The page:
I hope the educated elite and ‘power elite’ in Sierra Leone would give life to my published suggestion of an ‘Ethnic Commission’ to neutralise the ulcerous tribalism in our country. (The SLPP leader and Prime Minister between 1964 and 1967 that Prof. Jimmy Kandeh mentioned above happens to be my biological maternal granduncle – Sir Albert Margai). Sir. Albert Margai was the apex of the leadership that stoked the flames of ‘Mende Tribalism’ in Sierra Leone. The Mende ethnic jingoism was buttressed by a form of intellectual sense of superiority by the Mendes. For about a hundred years right up to the time of the Independence Era in Africa, the Creoles (or Krio) were the undisputed leaders in nearly all realms of Negroid intellectualism and professionalism in Sierra Leone – the doctors, judges, engineers, etc. The first non-Creole medical doctor was Dr. Milton Margai, and the first Non-Creole lawyer was his paternal brother, Albert Margai – that was in the 1940s. The British colonialists focused on establishing the initial, and best, secondary schools in the Mende-speaking South/East of the country. By the time of independence, the Mende-speaking South/East provided most of the educated elite, and ordinary educated people, to govern the country. In the civil service, the Mende-speaking peoples (the Mendes, who militarily conquered smaller tribes when they invaded this part of West Africa about 200 years ago, evolved into a civilizing influence, and potent ‘colonialists’, successfully assimilating all the minority tribes – Sherbros, Gissis, Vais, a few Creoles – in their South/Eastern region) were a vastly disproportionate number among non-Creoles. That head start into modernity in Sierra Leone of the Mende-speaking peoples bred in them arrogance, which was epitomised in 1964 by the Mende-speaking Prime Minister, Sir. Albert Margai (His biological root could really have made him a Kono, also assimilated by the Mendes).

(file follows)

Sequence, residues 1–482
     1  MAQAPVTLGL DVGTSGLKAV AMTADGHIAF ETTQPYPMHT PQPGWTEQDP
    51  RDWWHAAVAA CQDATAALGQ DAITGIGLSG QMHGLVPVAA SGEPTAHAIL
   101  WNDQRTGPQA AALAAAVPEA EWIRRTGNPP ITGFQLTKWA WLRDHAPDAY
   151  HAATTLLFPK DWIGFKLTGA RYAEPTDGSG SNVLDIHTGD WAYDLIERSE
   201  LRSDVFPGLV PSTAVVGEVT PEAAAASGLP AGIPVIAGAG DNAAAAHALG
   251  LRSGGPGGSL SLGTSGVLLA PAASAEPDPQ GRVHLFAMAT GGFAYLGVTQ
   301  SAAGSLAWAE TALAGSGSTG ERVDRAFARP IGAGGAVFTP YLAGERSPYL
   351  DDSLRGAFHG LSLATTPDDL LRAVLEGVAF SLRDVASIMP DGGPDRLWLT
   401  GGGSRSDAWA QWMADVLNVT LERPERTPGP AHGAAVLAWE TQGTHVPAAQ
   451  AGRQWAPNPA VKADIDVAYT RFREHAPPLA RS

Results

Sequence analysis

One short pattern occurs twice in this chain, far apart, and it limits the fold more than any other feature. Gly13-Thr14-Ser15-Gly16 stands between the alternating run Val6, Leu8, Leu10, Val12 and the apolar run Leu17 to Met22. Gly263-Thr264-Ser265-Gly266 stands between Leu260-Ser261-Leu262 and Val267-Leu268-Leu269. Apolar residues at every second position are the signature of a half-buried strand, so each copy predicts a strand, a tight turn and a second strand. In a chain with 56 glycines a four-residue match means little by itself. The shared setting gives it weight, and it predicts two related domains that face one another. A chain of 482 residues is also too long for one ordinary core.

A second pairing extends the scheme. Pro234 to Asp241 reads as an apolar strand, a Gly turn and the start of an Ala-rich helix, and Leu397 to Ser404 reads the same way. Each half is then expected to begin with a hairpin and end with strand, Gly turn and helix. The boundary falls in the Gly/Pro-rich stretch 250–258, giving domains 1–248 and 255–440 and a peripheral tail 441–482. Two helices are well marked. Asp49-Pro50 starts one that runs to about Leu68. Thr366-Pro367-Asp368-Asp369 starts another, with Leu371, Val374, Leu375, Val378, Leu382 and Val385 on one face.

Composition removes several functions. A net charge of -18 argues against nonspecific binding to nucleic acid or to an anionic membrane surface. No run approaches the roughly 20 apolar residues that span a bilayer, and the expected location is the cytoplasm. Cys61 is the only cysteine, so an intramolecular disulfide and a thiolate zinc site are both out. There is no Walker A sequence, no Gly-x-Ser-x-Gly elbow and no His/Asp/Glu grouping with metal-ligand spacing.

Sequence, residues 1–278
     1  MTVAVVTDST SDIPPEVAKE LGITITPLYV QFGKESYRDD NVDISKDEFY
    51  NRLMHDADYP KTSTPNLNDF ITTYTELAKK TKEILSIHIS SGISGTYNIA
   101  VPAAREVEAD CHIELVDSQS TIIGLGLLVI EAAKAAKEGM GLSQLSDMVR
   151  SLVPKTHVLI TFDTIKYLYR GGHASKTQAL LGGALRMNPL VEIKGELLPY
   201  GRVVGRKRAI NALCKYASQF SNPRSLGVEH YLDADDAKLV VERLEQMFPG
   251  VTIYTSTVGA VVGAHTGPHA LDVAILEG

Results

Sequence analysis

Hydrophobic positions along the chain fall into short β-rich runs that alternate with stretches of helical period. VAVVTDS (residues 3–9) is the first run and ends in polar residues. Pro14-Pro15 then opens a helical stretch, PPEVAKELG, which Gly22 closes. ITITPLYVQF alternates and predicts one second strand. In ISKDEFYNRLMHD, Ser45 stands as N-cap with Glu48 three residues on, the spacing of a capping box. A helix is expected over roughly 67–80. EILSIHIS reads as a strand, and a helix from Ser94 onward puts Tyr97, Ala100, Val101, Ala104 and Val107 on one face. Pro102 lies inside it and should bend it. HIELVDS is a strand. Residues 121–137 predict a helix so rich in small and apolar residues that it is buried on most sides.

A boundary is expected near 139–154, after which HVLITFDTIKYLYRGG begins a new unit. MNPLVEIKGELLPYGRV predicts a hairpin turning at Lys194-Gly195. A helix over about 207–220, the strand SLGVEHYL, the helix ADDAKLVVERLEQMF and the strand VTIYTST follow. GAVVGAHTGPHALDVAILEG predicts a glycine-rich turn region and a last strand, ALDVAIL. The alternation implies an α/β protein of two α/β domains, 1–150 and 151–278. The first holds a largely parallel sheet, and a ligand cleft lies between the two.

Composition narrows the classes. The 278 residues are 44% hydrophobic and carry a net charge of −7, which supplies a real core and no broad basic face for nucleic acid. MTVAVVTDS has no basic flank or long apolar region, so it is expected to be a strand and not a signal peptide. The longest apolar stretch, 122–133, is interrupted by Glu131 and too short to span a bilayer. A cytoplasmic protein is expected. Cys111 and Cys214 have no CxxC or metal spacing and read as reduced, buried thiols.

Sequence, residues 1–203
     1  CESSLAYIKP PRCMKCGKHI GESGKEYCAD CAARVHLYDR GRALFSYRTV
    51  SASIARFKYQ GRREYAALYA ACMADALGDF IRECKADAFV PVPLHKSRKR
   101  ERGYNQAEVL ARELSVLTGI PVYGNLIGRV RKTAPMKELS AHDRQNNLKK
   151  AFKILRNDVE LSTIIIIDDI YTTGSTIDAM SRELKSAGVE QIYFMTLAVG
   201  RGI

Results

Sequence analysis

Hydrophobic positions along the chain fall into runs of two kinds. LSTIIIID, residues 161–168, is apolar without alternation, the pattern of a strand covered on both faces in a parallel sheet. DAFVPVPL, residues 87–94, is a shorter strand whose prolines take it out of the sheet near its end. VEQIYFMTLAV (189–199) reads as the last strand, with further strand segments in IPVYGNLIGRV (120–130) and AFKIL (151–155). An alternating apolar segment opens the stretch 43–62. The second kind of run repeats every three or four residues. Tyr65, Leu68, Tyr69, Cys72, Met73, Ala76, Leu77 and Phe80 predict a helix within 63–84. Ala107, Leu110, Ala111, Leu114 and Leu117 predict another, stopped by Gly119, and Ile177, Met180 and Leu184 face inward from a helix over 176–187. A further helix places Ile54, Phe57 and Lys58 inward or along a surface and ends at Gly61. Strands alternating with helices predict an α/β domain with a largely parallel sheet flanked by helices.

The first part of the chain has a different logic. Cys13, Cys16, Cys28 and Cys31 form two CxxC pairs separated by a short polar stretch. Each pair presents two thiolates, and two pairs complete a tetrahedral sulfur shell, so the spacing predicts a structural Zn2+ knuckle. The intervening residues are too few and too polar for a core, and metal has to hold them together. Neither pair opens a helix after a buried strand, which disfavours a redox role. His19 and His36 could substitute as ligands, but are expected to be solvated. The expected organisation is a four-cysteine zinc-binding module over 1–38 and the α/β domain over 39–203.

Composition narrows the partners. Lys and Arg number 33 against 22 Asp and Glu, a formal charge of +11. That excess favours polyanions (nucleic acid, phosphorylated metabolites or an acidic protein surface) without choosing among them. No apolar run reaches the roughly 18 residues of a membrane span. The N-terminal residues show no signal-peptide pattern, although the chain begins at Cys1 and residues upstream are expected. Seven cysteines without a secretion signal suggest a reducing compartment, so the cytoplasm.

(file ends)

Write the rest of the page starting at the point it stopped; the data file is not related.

Within a short period of grabbing the reins of prime minister powers from his deceased elder brother in 1964, Sir. Albert Margai swiftly and recklessly put his ethnic jingoism into play – with ‘Young Turks’ like Peter Tucker being made Head of the Civil Service (where there had been established a ‘conveyor belt’ system that would only allow a civil service boss to reach that peak when way over 50 years of age) when Peter Tucker was not yet 40 years of age. That, of course, angered and alarmed both the Creole and Temne (Northern) elite!!